After Saturdays debacle Cooper River Bridge Run board caps 2013 race at 40,000
In the wake of unprecedented problems with the Cooper River Bridge Run and Walk, the event’s board of directors has decided to put on the brakes — at least for 2013.
The board on Thursday capped next year’s race at 40,000 total registrants, down from a total official cap of 44,200 this year. The new cap means the 2013 race likely will not set a record for finishers.
“We felt like we might have grown too much,” board Chairman Ken Ayoub said. “This (event) showed us that we do have limited resources that we have to work with.”
Ayoub said he doesn’t expect the 40,000 cap to be permanent.
Besides the cap, Ayoub said the board also plans to hire a logistics manager to coordinate a plan focusing on transporting about 25,000 people from downtown Charleston and likely other satellite shuttle sites to Mount Pleasant in the few hours before the race.
The race, one of the largest in the nation, began an hour late Saturday due largely to transportation issues. This created a domino effect with communication breakdowns, water shortages and other problems leading to chaos at the normally well-run event.
On Thursday, the event’s board of directors and staff met for the first time to determine the causes and to establish a plan of action for next year’s race. The 70-minute meeting was closed to reporters, but Ayoub gave a statement afterward and answered questions.
He reiterated that the series of problems, including running out of water and food, started with the bus loadings. Notably, some buses in the front of the lines were not filling to capacity before departing.
“The loading of the buses did not go as smooth as it has in the past. We also felt like we had many more people riding the buses this year than we’ve had in the past,” said Ayoub, noting that parking lots were full more than in past years.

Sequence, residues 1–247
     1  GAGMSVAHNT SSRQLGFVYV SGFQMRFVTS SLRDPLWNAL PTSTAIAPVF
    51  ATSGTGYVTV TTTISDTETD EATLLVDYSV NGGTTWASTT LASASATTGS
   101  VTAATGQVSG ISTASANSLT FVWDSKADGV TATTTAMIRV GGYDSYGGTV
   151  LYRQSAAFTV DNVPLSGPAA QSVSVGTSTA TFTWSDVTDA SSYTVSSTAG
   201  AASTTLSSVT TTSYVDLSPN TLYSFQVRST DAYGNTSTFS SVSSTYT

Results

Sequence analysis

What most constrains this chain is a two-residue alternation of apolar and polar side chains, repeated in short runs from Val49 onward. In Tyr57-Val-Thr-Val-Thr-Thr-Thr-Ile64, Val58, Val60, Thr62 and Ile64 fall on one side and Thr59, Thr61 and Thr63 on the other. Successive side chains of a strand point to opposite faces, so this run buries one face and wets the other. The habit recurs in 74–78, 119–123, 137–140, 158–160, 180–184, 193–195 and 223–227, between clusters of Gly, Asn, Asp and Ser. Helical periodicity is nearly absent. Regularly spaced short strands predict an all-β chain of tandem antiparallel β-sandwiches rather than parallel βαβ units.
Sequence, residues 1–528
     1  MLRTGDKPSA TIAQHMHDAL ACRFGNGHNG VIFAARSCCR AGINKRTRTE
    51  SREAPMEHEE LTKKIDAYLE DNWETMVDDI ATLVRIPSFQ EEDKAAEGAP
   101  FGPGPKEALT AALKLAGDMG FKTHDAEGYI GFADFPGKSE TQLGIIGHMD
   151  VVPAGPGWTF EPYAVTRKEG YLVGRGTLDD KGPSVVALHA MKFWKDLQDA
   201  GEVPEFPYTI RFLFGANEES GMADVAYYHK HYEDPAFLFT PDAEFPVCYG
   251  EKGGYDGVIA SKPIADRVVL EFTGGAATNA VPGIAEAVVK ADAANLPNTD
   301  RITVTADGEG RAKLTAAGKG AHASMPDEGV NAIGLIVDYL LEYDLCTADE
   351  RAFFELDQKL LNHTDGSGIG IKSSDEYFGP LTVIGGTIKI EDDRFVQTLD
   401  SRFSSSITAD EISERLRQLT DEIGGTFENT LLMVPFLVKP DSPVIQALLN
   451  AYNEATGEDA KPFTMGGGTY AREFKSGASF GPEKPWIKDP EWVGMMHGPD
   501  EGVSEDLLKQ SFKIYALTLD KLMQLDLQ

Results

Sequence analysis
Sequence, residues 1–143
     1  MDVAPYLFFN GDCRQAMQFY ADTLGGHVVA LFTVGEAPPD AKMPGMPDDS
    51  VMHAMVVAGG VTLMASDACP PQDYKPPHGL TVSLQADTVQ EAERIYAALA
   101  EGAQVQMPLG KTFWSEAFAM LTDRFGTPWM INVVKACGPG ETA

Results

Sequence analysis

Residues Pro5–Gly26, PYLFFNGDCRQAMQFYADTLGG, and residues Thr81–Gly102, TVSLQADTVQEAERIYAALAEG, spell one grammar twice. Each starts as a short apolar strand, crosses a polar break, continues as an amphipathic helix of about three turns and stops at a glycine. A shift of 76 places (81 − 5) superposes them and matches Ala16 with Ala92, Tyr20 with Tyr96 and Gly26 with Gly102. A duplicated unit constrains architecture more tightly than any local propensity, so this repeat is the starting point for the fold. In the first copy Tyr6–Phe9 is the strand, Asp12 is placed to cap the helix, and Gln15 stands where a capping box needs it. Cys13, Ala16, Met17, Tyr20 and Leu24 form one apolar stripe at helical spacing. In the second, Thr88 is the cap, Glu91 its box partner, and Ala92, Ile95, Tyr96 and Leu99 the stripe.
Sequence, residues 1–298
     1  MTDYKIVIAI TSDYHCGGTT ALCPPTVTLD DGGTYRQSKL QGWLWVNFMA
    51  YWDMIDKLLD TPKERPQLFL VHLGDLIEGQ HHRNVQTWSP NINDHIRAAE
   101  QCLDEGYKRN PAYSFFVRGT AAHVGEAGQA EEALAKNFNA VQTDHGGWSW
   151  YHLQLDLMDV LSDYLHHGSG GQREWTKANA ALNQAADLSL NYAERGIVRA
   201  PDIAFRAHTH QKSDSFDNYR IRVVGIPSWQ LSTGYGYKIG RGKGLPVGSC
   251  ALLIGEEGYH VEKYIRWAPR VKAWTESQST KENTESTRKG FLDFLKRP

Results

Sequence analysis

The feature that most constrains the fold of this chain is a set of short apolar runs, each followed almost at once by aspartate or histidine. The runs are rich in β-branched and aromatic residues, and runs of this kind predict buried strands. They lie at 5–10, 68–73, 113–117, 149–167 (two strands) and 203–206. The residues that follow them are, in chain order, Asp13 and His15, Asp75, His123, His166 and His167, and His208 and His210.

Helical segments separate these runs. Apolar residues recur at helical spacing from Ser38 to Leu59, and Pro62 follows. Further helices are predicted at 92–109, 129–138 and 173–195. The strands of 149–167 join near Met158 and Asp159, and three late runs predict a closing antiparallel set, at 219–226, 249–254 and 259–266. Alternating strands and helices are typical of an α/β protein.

He speculated that the crowds seeking transportation grew because of forecasted storms for later Saturday morning and early afternoon, which didn’t pan out, and more people wanted to have cars downtown to drive home in the event of storms.
Ayoub is confident that the nearly 150 buses the board rents can carry 7,000 participants in each trip, which normally takes 25 minutes round-trip.
“We may have to encourage people to arrive earlier (to catch buses),” said Ayoub, noting a rush that started at 6 a.m. Saturday.
Meanwhile, the board also plans to tackle another issue that surfaced on Saturday morning during the delay.
“Communication definitely was a problem not only between us and the participants out in the race, but at both ends of the bridge. It seemed like too many people were involved in the process,” Ayoub said.
“We’ve got to improve communications and we’re looking at one central command. Information goes in and the information goes out, instead receiving three or four different phone calls at time.”
Adding to the communication problems Saturday was unreliable cellphone service.
“We need more reliable forms of communication. Cellphones, you were there. That many people on cellphones, it was the 9/11 effect. They didn’t work as well as they should have.”
Meanwhile, Ayoub felt confident that the supply of water and food was sufficient on Saturday but that the delay created higher demand for it. Running out of water was the result of the “a boulder rolling downhill.”
“The delay of the start caused people to rehydrate and go to the bathroom. It caused the water supply to run out quicker. A lot of people were carrying more items (water and food) than they should have been carrying.”
Ayoub said the board will meet one more time before its retreat in June, which is routine, to set some of these steps outlined Thursday.
Reactions from some veteran Bridge runners was mixed.
Dawson Cherry, a runner and triathlete who organizes a local cancer-fundraiser bike ride, said he didn’t think capping the race was necessary and that it likely will keep some from enjoying next year’s race.
“Logistics is what they need to focus on,” said Cherry. “This is not an opportunity to make the race worse by limiting participation but better by fine-tuning logistics.”
Irv Batten, who was inducted into the Bridge Run Hall of Fame a week ago, said he can understand the cap, but that he hopes it won’t be permanent.
“I don’t even know if the cap is necessary because the root of the delay was the buses,” said Batten, who suggested one downtown satellite shuttle service should be from Riley Park.
Batten thinks most runners and walkers like that the Bridge Run is big and has continued to grow, challenging other big races such as Atlanta’s Peachtree Road Race and Colorado’s Bolder Boulder.
“I like that the Bridge Run is the biggest event in Charleston.”